UN rights experts urge protection for displaced, indigenous peoples

12 April 2005

Speaking on behalf of the world’s voiceless and uprooted communities, rights experts before the United Nations top human rights body have called for greater protection from the disparities that jeopardize the very survival of indigenous cultures, and the obstacles which disrupt the lives of internally displaced persons (IDPs).

Speaking on behalf of the world’s voiceless and uprooted communities, rights experts before the United Nations top human rights body have called for greater protection from the disparities that jeopardize the very survival of indigenous cultures, and the obstacles which disrupt the lives of internally displaced persons (IDPs).

As the Geneva-based Commission on Human Rights continued its annual six-week session, an expert yesterday updated the 53-member panel on the precarious state of the world’s IDPs, chiefly those millions that have fled ongoing strife in Sudan’s Darfur region, and the million more in South Asia uprooted by last December’s Indian Ocean earthquake and devastating tsunami.

Three other experts also addressed a broad range of indigenous issues, including obstacles hampering education in indigenous communities, protection of natural resources, and the ongoing negotiations on a draft UN Declaration on the Right of Indigenous Peoples.

Walter Kalin, Secretary-General Kofi Annan’s Representative on the human rights of IDPs, said 2004 had been overshadowed by the dramatic escalation of the conflict in Darfur, which had uprooted nearly two million persons, among them some 1.7 million IDPs, since the fighting started.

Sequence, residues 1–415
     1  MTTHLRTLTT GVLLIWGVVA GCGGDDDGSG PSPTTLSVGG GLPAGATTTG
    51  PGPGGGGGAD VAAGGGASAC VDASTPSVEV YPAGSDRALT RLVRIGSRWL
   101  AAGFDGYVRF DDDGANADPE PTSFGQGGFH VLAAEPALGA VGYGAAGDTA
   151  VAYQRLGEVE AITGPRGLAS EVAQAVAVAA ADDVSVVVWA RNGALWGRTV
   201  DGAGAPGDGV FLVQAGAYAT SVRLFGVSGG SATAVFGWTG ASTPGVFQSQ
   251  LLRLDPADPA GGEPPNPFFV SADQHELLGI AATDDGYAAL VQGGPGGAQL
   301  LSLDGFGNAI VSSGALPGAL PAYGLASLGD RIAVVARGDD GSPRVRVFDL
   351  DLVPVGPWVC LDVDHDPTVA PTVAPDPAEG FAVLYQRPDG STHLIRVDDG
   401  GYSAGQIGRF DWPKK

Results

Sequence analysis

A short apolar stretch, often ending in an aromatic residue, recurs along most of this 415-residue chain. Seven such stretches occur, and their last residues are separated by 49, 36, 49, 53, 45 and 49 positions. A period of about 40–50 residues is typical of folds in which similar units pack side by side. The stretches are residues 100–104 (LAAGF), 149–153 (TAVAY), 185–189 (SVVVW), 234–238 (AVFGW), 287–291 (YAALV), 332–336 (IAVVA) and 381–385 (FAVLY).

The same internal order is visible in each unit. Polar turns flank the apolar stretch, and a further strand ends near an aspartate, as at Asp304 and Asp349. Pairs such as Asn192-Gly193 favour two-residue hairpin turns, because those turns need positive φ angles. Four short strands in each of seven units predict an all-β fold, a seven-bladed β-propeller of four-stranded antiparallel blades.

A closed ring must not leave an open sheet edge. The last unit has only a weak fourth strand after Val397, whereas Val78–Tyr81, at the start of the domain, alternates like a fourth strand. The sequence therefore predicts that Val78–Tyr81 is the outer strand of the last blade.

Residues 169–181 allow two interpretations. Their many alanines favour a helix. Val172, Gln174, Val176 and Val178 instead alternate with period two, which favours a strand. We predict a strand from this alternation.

Sudan’s Government should give serious consideration to the report of the previous Representative on this, and his recommendations, to implement the norms contained in the Guiding Principles on IDPs, and cooperate with the international community in addressing the plight of the displaced.

Mr. Kalin also expressed concern for the more than one million persons displaced by the earthquake and tsunami in South Asia. His main recommendation was that in the reconstruction and recovery phase, it was essential to take a human rights-based approach to the response so as to prevent future possible problems or violations.

Leading the discussion on indigenous issues, Rodolfo Stavenhagen, the Commission’s Special Rapporteur on human rights and fundamental freedoms of indigenous people, said many indigenous peoples, especially girls, found it difficult to access education of a similar quality as that offered to non-indigenous peoples. What had led to the destruction of the communities of indigenous peoples was the implementation of educational policies ignoring their particularities. Although this was becoming less the case, the issue was not fully resolved.

He stressed also that if a solution were not found, a new generation of indigenous peoples would continue to be marginalized. It was not only urgent to improve the education in quantitative terms, but also in qualitative terms, in particular regarding the intermediate level and upper education. Countries should pay attention to the needs of indigenous peoples, and equip organizations devoted to their needs with sufficient institutional needs.

Luis-Enrique Chavez, Chairperson-Rapporteur of the Working Group on a draft UN Declaration on the Rights of Indigenous Peoples; Erica-Irene A. Daes, Special Rapporteur of the Sub-Commission on the Promotion and Protection of Human Rights on indigenous people's sovereignty over natural resources; and Jose Carlos Morales, Member of the Board of Trustees of the UN Voluntary Fund for Indigenous Populations, also addressed the Commission.

 

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